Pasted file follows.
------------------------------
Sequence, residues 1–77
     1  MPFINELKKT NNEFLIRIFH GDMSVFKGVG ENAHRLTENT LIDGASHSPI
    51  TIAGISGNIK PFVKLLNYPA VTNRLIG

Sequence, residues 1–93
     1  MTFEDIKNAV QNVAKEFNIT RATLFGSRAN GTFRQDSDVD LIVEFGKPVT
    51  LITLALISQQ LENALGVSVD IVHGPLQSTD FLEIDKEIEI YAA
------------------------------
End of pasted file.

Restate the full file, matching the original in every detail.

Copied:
Sequence, residues 1–77
     1  MPFINELKKT NNEFLIRIFH GDMSVFKGVG ENAHRLTENT LIDGASHSPI
    51  TIAGISGNIK PFVKLLNYPA VTNRLIG

Sequence, residues 1–93
     1  MTFEDIKNAV QNVAKEFNIT RATLFGSRAN GTFRQDSDVD LIVEFGKPVT
    51  LITLALISQQ LENALGVSVD IVHGPLQSTD FLEIDKEIEI YAA